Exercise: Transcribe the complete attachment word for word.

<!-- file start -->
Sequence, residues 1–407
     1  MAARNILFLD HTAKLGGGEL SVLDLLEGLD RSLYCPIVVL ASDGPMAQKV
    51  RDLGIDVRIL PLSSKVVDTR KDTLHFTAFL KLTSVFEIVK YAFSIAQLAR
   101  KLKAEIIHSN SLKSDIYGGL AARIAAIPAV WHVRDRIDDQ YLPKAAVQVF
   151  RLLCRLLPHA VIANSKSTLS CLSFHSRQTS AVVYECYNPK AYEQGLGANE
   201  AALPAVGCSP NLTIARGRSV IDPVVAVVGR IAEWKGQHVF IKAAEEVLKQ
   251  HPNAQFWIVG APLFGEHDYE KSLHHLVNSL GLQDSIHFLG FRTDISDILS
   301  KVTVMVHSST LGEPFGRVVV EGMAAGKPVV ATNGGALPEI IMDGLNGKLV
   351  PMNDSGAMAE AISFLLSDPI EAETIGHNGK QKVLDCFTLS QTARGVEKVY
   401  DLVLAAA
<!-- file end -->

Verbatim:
Sequence, residues 1–407
     1  MAARNILFLD HTAKLGGGEL SVLDLLEGLD RSLYCPIVVL ASDGPMAQKV
    51  RDLGIDVRIL PLSSKVVDTR KDTLHFTAFL KLTSVFEIVK YAFSIAQLAR
   101  KLKAEIIHSN SLKSDIYGGL AARIAAIPAV WHVRDRIDDQ YLPKAAVQVF
   151  RLLCRLLPHA VIANSKSTLS CLSFHSRQTS AVVYECYNPK AYEQGLGANE
   201  AALPAVGCSP NLTIARGRSV IDPVVAVVGR IAEWKGQHVF IKAAEEVLKQ
   251  HPNAQFWIVG APLFGEHDYE KSLHHLVNSL GLQDSIHFLG FRTDISDILS
   301  KVTVMVHSST LGEPFGRVVV EGMAAGKPVV ATNGGALPEI IMDGLNGKLV
   351  PMNDSGAMAE AISFLLSDPI EAETIGHNGK QKVLDCFTLS QTARGVEKVY
   401  DLVLAAA